Being a good neighbor asks us to see everyone – not just those next door or in our town – but across all borders – as someone with whom we share our planet and humanity.  Someone with whom if we gave the time to be welcoming, we might both grow from that experience.

What kind of neighbor are you?
 

Thanks for reading the latest from Moving Up. 

What Do You Do in Line?

I recently heard the writer and sociologist, Arlie Russell Hochschild describe the discontent many feel in the country today.  It was from her acclaimed book,Strangers in Their Own Land, and was captured in the following metaphor:
 
“You’re waiting in line for the American dream that you feel you very much deserve. It’s like waiting in a pilgrimage, and the line isn’t moving. Your feet are tired. You feel you are properly deserving of this reward that’s ahead. And the idea is, you don’t begrudge anyone in this right deep story. You’re not a hateful person. But then you see… somebody cutting ahead of you. Why are they getting special treatment?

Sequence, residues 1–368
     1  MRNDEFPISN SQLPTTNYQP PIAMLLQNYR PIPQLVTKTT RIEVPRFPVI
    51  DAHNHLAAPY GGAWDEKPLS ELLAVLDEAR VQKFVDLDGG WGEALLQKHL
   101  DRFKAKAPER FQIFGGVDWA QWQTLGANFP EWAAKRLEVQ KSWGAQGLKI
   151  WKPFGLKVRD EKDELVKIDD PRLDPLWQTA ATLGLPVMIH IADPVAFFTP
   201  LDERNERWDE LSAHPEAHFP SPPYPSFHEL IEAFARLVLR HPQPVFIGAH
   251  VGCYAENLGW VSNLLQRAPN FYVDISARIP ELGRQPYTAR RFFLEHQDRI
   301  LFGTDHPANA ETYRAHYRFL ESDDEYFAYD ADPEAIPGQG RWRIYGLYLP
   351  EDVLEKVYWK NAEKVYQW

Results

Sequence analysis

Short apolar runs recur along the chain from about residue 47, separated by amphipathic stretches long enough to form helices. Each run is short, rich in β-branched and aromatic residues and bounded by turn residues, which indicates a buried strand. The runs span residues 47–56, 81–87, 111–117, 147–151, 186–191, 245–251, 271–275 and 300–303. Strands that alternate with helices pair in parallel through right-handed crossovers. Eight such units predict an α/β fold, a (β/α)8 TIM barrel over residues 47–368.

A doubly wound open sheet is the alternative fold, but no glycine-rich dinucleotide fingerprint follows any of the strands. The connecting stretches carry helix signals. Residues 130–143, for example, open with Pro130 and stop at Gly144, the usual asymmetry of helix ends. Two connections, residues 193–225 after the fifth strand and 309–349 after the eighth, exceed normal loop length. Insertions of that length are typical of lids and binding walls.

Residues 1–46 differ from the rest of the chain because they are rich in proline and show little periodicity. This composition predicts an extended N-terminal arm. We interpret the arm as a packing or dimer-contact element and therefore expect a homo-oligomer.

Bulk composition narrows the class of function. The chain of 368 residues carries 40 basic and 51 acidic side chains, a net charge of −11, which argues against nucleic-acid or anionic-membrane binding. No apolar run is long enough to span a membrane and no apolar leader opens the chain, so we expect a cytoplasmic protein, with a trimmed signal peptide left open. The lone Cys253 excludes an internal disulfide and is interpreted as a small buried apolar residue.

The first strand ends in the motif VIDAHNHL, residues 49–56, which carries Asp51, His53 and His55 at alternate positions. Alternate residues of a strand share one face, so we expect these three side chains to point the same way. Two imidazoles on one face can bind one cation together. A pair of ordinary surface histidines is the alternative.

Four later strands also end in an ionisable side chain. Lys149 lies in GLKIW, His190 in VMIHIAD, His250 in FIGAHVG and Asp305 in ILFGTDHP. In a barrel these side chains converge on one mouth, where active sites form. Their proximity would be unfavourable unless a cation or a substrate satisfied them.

Then, in another moment, the president of the country, Barack Obama, who should be tending fairly to all waiters-in-line, seems to be waving to the line cutters. In fact, “Is he a line cutter?” — the idea is. How did his mother — she was a single mother, not a rich woman — afford a Harvard education, a Columbia education? Something fishy happened. That was the thought there.”
 
In a final moment, someone from the coasts, someone highly educated, someone from that so-called elite, turns around, and they’re really close to the prize, or they have the prize. But they turn around and look at the others who are waiting in line and say, “Oh, you backward, Southern, ill-educated, racist, sexist, homophobic redneck.”  That is the estranging thing, that insult.”
 
The power of metaphors is their ability to reveal deeper insights into our thinking about a particular topic.  

And in hearing hers, it illuminates the following truths about how we see mobility in this country: